For immediate release
RECORD-SETTING SALE OF SAPPHIRE CONTRIBUTES TO ENDOWMENT FOR HISTORIC JAMES J. HILL HOUSE
April 27, 2007 - Proceeds from the record-breaking sale of a 22.66-carat sapphire for $3.06 million at Christie’s New York this week will support an endowment fund for the historic James J. Hill House in St. Paul. After commissions and fees owed by the buyer and seller are paid to the auction house, the Minnesota Historical Society, which operates the Hill House, will receive approximately $2.6 million.
The sapphire - originally part of a sapphire and diamond necklace given by “Empire Builder” James J. Hill to his wife Mary in 1886 - was given to the Society in 2006 as a bequest from a descendant of the Hills. It is among the largest donations ever received by the Society.
“This magnificent gift brings us much closer to our goal of $5 million for the Hill House endowment,” says Minnesota Historical Society Director Nina Archabal. “We are thrilled that the proceeds from the endowment will serve as an ongoing source of income, enabling us to continue to preserve and tell the important stories of this National Historic Landmark.”
The sale of the cushion-shaped Kashmir sapphire set two world auction records: top sale price and record price per carat ($135,000) for a sapphire. Christie’s New York originally estimated the stone would sell for approximately $250,000 to $350,000. The record-breaking price reflects the stone’s rarity and beauty, as well as its carefully documented history. It was part of an auction that “marks a turning point in the jewelry world where original design, rarity and provenance prove to be just as important as the quality of a gem,” notes Rahul Kadakia, head of jewelry for Christie’s Americas.
Background on the Hill sapphire
The sapphire pendant was purchased by James J. Hill on Dec. 24, 1886, and incorporated into a sapphire and diamond necklace that included 18 smaller sapphires and 18 diamonds. Sometime between 1919 and 1921, the necklace was disassembled and the jewels were given to the Hills’ six daughters. In 2006, the sapphire pendant was donated to the Minnesota Historical Society for the benefit of the James J. Hill House.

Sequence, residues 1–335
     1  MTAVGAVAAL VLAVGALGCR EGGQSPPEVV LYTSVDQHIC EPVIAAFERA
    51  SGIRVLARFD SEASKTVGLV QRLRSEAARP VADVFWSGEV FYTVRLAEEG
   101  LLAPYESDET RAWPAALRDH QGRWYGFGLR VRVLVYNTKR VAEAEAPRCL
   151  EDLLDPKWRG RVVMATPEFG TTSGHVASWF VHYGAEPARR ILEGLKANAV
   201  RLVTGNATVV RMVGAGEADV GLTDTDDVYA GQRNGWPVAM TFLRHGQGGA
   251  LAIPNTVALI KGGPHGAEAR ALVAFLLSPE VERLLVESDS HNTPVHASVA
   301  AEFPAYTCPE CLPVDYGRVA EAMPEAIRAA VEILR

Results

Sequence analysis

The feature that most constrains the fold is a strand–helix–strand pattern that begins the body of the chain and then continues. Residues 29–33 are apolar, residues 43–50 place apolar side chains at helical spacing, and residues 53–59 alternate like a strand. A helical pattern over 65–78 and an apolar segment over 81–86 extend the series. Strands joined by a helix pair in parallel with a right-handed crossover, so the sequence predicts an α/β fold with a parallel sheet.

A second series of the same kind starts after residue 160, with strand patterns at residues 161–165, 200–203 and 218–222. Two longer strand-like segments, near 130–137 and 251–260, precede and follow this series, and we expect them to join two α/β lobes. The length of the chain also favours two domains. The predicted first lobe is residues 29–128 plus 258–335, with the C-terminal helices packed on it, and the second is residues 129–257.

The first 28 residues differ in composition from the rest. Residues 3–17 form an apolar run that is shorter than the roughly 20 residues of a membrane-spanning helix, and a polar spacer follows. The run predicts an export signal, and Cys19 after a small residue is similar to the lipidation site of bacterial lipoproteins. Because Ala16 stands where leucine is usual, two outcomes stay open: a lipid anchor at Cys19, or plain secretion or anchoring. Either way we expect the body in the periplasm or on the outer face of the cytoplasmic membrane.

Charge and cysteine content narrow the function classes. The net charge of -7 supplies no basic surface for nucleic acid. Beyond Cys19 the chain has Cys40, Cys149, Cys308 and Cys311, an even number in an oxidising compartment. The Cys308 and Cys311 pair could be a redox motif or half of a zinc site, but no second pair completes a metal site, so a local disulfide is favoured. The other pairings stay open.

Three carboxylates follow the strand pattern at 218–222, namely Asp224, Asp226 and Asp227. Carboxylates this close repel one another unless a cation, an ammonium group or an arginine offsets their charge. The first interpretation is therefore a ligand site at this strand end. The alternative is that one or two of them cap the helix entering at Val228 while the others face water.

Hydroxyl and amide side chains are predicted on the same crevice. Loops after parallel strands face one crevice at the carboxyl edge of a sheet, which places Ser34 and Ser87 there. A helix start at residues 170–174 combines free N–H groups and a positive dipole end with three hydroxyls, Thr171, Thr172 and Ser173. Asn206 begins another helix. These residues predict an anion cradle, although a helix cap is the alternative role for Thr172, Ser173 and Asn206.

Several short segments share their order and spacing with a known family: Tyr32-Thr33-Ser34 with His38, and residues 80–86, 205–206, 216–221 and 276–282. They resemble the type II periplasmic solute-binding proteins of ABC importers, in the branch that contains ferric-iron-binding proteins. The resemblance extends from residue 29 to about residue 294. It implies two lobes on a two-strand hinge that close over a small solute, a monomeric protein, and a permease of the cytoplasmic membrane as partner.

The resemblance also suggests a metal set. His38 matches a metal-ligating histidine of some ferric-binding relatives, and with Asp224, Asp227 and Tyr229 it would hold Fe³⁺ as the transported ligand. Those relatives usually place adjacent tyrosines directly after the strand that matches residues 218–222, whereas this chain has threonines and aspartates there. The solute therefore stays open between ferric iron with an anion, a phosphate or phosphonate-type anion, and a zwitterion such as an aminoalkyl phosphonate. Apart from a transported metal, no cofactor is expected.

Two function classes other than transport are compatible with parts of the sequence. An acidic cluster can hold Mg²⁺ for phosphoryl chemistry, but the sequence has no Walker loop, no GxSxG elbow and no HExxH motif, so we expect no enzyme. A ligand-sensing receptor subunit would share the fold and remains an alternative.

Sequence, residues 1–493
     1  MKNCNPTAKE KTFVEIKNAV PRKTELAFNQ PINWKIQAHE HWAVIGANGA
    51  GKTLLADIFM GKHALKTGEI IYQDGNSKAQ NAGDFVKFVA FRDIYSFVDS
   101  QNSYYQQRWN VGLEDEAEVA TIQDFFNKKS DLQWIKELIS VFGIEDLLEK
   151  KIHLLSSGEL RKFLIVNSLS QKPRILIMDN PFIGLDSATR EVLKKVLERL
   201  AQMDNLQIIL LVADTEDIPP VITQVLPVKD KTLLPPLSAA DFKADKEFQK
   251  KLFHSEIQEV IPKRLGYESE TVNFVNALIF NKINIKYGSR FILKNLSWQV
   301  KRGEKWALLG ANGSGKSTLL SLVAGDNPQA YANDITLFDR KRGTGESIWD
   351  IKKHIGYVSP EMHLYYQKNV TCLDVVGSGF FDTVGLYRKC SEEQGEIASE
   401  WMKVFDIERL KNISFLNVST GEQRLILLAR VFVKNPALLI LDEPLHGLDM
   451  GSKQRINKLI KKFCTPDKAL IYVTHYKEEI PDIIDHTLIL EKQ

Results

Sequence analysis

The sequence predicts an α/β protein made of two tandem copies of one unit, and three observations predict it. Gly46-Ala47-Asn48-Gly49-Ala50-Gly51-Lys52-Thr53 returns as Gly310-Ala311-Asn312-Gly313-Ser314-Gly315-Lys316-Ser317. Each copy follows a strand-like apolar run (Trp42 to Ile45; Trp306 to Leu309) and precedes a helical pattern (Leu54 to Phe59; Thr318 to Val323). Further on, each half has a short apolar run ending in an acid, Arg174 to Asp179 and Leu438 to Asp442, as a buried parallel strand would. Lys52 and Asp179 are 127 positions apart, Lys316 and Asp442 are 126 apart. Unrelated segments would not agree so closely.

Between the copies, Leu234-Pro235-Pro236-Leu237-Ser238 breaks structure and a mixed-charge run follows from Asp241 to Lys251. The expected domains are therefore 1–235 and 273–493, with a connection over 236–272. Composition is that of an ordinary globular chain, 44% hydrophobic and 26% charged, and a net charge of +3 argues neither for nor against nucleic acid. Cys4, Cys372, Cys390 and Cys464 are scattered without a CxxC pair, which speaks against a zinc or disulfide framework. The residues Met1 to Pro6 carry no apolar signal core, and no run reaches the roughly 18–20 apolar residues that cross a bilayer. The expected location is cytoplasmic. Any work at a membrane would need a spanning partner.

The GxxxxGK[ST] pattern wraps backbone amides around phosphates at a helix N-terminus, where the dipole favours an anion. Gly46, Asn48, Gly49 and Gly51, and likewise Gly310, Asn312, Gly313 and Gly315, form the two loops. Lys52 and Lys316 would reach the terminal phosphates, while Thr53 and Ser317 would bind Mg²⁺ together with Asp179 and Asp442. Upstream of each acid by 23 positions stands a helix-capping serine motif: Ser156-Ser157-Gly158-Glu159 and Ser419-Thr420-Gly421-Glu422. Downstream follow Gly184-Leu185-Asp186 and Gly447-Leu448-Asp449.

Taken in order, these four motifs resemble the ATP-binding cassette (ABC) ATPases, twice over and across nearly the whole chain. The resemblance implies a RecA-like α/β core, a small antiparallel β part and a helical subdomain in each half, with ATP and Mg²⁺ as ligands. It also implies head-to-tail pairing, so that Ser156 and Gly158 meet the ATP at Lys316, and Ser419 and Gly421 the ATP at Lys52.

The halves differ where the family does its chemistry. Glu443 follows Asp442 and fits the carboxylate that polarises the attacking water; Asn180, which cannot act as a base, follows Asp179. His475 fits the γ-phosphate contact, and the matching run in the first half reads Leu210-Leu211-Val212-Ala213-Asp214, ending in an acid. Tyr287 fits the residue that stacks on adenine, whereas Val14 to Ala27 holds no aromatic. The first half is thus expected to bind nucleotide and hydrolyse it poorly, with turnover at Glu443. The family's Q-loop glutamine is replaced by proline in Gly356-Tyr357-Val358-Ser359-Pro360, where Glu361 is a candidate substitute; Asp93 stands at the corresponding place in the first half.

The Christie’s sale catalog described the pendant in this way: “The Kashmir sapphire conjures up only one image in a collector’s mind: its unrivaled, magnificent blue color. This mesmerizing stone of significant size is perhaps one of the most important sapphires currently on the market and is unsurpassed in richness and life.”
Background on James J. Hill and the James J. Hill House
A great figure of America’s Gilded Age, James J. Hill (1838-1916) was one of the wealthiest and most powerful industrialists of the late 19th and early 20th centuries. Known as the builder of the Great Northern and Northern Pacific Railways, he was involved in banking, agriculture, copper and iron-ore mining, and the timber, milling and shipping industries. Along with gems and jewelry, Hill also collected art and rare books.
The massive, stone James J. Hill House features 13 bathrooms, 22 fireplaces, 16 chandeliers, a 100-foot reception hall and a two-story, skylit art gallery. “The costs of maintaining a historic property like the Hill House are immense,” says Craig Johnson, site manager, “and are only matched by the importance of preserving such an architectural treasure for future generations.”
Once the largest private residence in Minnesota, the home is open for tours year-round Wednesdays through Saturdays from 10 a.m. to 3:30 p.m. and Sundays from 1 to 3:30 p.m. Reservations are recommended and group tours may be arranged for other days and hours. The house may be rented for meetings, dinners and receptions. The James J. Hill House is located at 240 Summit Ave., St. Paul. For more information visit www.mnhs.org/hillhouse or call 651-297-7555.
The Minnesota Historical Society is a non-profit educational and cultural institution established in 1849 to preserve and share Minnesota history. The Society collects, preserves and tells the story of Minnesota’s past through museum exhibits, libraries and collections, historic sites, educational programs and book publishing.